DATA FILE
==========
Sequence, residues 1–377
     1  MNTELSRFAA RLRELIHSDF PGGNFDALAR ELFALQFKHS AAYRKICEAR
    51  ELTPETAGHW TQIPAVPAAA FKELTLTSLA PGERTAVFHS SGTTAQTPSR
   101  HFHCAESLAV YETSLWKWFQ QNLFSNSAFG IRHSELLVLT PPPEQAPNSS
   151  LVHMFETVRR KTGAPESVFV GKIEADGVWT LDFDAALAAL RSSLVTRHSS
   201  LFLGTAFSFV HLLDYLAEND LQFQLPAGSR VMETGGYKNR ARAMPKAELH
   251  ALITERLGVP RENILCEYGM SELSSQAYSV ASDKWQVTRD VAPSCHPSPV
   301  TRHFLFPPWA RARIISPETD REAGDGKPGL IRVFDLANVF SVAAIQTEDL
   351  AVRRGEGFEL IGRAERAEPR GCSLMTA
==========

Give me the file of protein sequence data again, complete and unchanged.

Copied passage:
Sequence, residues 1–377
     1  MNTELSRFAA RLRELIHSDF PGGNFDALAR ELFALQFKHS AAYRKICEAR
    51  ELTPETAGHW TQIPAVPAAA FKELTLTSLA PGERTAVFHS SGTTAQTPSR
   101  HFHCAESLAV YETSLWKWFQ QNLFSNSAFG IRHSELLVLT PPPEQAPNSS
   151  LVHMFETVRR KTGAPESVFV GKIEADGVWT LDFDAALAAL RSSLVTRHSS
   201  LFLGTAFSFV HLLDYLAEND LQFQLPAGSR VMETGGYKNR ARAMPKAELH
   251  ALITERLGVP RENILCEYGM SELSSQAYSV ASDKWQVTRD VAPSCHPSPV
   301  TRHFLFPPWA RARIISPETD REAGDGKPGL IRVFDLANVF SVAAIQTEDL
   351  AVRRGEGFEL IGRAERAEPR GCSLMTA